Location: Imported Fire Ant and Household Insects
Title: Kneallhazia (=Thelohania) Solenopsae infection rate of Pseudacteon Curvatus flies determined by multiplex PCR Authors
Submitted to: Florida Entomologist
Publication Type: Peer Reviewed Journal
Publication Acceptance Date: March 2, 2009
Publication Date: June 1, 2009
Citation: Valles, S.M., Oi, D.H., Porter, S.D. 2009. Kneallhazia (=Thelohania) Solenopsae infection rate of Pseudacteon Curvatus flies determined by multiplex PCR. Florida Entomologist. 92(2):344-349. Interpretive Summary: The red imported fire ant was introduced into the United States in the 1930s and currently infests about 300 million acres. Annually, it causes billions of dollars of losses in livestock and agricultural production and poses a serious threat to human health. Promising biological control agents of the red imported fire ant are the intra-cellular parasite, Kneallhazia solenopsae, and Pseudacteon curvatus, a phorid fly parasitoid. Recently, Kneallhazia solenopsae was reported to infect the Pseudacteon parasitoids. The relationship between these biological control agents is not currently known. Scientists at the Center for Medical, Agricultural and Veterinary Entomology in Gainesville, FL, have developed a molecular technique (PCR) capable of detecting Kneallhazia solenopsae in Pseudacteon flies. This method will permit studies to examine the role of Pseudacteon flies in the spread of Kneallhazia solenopsae in the fire ant population.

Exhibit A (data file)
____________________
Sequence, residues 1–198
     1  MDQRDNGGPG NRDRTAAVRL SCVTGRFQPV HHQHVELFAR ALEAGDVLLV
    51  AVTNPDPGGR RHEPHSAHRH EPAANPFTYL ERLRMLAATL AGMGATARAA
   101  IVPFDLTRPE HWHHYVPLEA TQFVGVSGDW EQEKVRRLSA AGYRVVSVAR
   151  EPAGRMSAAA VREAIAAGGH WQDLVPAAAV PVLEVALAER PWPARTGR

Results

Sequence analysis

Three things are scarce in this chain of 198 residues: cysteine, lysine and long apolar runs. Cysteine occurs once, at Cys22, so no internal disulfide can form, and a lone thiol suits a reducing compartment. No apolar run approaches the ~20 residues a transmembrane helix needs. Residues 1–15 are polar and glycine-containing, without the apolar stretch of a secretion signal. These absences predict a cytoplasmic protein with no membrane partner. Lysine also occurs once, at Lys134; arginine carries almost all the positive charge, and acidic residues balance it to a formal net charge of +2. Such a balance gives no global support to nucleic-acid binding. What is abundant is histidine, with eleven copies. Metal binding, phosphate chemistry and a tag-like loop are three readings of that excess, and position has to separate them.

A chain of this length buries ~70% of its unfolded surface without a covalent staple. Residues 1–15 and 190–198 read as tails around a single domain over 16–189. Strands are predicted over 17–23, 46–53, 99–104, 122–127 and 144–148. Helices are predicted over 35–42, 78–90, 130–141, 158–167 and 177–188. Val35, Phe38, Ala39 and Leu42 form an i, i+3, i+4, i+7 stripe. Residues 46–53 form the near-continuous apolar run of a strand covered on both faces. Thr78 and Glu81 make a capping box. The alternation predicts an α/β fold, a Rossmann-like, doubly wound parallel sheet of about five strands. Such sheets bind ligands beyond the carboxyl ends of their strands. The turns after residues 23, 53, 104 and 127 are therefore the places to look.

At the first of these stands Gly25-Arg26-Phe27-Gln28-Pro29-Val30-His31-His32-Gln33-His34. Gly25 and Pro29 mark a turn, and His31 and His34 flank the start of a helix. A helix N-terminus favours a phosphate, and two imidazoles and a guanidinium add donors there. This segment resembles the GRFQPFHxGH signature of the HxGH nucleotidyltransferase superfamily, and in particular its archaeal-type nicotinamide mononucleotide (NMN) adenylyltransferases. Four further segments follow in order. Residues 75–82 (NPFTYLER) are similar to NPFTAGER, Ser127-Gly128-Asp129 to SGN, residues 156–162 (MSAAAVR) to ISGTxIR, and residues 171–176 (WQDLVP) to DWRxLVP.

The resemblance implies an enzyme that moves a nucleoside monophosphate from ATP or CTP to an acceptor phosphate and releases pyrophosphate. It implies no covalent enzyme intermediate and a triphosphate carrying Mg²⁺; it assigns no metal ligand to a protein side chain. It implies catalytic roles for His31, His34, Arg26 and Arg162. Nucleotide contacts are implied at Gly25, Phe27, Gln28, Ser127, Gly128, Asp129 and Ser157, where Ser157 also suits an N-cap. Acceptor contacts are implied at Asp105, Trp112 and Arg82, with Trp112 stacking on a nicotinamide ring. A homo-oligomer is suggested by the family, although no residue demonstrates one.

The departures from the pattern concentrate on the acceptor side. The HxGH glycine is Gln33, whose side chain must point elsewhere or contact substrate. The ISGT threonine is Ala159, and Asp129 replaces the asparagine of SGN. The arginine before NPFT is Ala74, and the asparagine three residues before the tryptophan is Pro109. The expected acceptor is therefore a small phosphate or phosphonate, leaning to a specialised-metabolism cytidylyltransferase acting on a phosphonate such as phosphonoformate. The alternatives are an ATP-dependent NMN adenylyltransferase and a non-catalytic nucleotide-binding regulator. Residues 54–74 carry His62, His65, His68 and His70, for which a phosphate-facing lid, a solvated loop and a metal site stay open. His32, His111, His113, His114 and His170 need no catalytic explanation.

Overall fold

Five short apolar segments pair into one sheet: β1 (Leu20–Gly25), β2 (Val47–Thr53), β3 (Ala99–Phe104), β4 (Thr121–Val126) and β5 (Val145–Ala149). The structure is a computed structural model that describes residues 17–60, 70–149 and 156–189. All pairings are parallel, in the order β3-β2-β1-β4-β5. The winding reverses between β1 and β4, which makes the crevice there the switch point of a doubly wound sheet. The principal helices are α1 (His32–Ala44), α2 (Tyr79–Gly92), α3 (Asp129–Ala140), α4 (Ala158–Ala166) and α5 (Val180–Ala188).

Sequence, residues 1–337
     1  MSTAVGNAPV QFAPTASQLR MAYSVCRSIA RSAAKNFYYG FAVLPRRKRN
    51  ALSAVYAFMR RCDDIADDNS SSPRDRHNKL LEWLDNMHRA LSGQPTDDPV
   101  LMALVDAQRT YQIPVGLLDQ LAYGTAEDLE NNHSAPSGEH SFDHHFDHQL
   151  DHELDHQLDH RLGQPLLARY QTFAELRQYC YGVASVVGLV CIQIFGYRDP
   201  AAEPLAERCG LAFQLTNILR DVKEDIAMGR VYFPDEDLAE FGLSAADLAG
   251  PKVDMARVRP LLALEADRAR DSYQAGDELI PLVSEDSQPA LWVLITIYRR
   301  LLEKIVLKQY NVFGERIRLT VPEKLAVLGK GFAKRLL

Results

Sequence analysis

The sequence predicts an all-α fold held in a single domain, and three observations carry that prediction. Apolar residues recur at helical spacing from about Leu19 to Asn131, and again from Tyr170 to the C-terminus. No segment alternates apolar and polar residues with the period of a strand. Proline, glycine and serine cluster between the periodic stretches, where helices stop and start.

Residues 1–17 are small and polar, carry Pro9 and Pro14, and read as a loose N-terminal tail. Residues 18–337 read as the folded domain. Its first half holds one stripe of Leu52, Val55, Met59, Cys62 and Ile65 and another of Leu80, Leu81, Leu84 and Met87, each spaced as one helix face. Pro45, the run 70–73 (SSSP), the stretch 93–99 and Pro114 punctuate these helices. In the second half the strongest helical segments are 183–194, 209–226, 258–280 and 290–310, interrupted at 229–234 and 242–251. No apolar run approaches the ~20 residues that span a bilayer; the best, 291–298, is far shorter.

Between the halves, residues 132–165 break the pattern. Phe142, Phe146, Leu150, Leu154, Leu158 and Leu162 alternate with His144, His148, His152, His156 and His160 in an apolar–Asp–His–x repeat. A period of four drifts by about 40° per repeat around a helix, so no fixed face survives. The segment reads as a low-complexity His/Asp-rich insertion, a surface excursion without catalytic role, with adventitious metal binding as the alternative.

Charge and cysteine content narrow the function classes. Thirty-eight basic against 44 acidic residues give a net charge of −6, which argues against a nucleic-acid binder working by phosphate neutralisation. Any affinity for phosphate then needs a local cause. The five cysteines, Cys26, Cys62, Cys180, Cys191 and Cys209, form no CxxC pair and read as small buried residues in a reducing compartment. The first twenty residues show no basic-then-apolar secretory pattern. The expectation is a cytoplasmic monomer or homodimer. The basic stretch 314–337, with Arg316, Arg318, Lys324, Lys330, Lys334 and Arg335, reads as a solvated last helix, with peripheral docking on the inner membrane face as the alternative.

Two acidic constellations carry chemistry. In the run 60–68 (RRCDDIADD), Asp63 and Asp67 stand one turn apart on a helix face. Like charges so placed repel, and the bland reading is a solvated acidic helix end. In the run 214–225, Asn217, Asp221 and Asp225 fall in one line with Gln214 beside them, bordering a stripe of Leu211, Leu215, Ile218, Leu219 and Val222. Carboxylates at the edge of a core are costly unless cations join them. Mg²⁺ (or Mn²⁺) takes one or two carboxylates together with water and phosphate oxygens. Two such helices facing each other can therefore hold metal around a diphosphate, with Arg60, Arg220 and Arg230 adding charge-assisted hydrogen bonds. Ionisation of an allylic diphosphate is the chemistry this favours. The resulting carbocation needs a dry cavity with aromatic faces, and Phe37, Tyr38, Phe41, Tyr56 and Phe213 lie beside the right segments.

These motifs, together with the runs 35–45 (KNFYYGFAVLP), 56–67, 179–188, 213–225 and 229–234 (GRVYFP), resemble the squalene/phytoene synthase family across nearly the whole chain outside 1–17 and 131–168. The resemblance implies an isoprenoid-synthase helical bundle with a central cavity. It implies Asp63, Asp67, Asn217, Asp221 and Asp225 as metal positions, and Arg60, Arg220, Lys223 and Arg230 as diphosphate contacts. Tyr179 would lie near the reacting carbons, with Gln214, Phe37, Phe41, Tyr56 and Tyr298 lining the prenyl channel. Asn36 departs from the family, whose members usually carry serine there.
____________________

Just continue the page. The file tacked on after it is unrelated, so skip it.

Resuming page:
Technical Abstract: A multiplex PCR method was developed and utilized to determine the Kneallhazia solenopsae infection rate of individual Pseudacteon curvatus flies in north-central Florida. Among P. curvatus flies infected with K. solenopsae, two amplicons were produced, one of 800 nucleotides from the P. curvatus 18S rDNA gene, and one of 318 nucleotides from the K. solenopsae 16S rDNA gene. Multiplex PCR of DNA extracted from P. curvatus flies was capable of detecting 117.5 ±82.7 K. solenopsae spore equivalents. The mean K. solenopsae infection rate of P. curvatus from 4 sites in Gainesville and Williston, Florida, was 12.3 ±5.0 %. The K. solenopsae infection rate for P. curvatus was independent of the K. solenopsae infection rate observed among S. invicta in the vicinity of the fly collections. Not all P. curvatus flies that developed in K. solenopsae-infected fire ants were positive for K. solenopsae upon eclosion. Among 50 P. curvatus flies known to develop in K. solenopsae-infected S. invicta workers, 12 (24%) were positive for K. solenopsae at eclosion.